In People v. Sipin,[16] this Court stressed that the prosecution bears the burden of proving compliance with the procedure laid down in Section 21 of RA 9165 including the mandatory presence of the three witnesses.[17] This Court held that the failure to follow mandated procedure in drugs cases must be adequately explained, and must be proven as a fact under the rules.[18] The Rules require that apprehending officers do not simply mention a justifiable ground for the absence of the required witnesses, but clearly state the ground in their sworn affidavit, coupled with a statement enumerating the steps they took to preserve the integrity of the seized items.[19] Section 1 (A. 1.10) of the Chain of Custody Implementing Rules and Regulations provides:

A. 1.10. Any justification or explanation in cases of noncompliance with the requirements of Section 21(1) of R.A. No. 9165, as amended, shall be clearly stated in the sworn statements/affidavits of the apprehending/seizing officers, as well as the steps taken to preserve the integrity and evidentiary value of the seized/confiscated items. Certification or record of coordination for operating units other than the PDEA pursuant to Section 86 (a) and (b), Article IX of the IRR of R.A. No. 9165 shall be presented. (Emphasis supplied)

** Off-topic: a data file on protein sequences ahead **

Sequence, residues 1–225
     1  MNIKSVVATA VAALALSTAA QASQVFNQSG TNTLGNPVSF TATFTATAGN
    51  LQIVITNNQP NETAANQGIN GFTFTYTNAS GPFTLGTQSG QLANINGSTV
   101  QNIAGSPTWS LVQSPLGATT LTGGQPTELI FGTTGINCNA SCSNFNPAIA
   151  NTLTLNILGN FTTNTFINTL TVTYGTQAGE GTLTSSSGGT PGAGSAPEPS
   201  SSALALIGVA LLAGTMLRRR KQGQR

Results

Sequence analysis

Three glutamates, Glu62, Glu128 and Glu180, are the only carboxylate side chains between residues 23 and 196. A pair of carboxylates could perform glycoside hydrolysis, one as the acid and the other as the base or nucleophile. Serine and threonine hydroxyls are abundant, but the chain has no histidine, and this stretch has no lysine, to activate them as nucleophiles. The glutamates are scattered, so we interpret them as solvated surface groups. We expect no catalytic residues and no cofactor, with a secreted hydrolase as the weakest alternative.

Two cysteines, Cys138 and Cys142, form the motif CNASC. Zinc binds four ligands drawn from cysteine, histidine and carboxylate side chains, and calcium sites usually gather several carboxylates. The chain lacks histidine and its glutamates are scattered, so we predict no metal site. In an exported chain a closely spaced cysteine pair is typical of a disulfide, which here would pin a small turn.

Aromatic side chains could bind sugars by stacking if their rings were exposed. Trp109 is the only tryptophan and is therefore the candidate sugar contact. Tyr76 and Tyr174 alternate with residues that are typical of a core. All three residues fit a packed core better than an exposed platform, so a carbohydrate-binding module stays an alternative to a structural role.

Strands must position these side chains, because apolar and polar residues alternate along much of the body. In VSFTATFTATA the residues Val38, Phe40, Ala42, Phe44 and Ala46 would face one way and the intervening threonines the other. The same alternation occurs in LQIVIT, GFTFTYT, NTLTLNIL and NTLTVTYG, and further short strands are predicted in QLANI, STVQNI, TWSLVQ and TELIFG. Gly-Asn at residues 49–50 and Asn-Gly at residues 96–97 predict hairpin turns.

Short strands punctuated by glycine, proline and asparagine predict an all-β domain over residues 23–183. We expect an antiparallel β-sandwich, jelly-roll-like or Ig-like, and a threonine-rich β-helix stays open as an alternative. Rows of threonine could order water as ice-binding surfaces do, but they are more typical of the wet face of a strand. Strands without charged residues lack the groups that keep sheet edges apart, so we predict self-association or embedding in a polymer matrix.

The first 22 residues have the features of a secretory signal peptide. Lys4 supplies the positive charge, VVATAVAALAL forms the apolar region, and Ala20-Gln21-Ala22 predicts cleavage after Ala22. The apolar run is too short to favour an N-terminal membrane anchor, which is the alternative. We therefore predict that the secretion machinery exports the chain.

This Court in People v. Sipin also ruled what constitutes justifiable reasons for the absence of any of the three witnesses, to wit:

(1) their attendance was impossible because the place of arrest was a remote area; (2) their safety during the inventory and photograph of the seized drugs was threatened by an immediate retaliatory action of the accused or any person/s acting for and in his/her behalf; (3) the elected official themselves were involved in the punishable acts sought to be apprehended; (4) earnest efforts to secure the presence of a DOJ or media representative and an elected public official within the period required under Article 125 of the Revised Penal Code prove futile through no fault of the arresting officers, who face the threat of being charged with arbitrary detention; or (5) time constraints and urgency of the anti-drug operations, which often rely on tips of confidential assets, prevented the law enforcers from obtaining the presence of the required witnesses even before the offenders could escape.[20] (Emphasis supplied)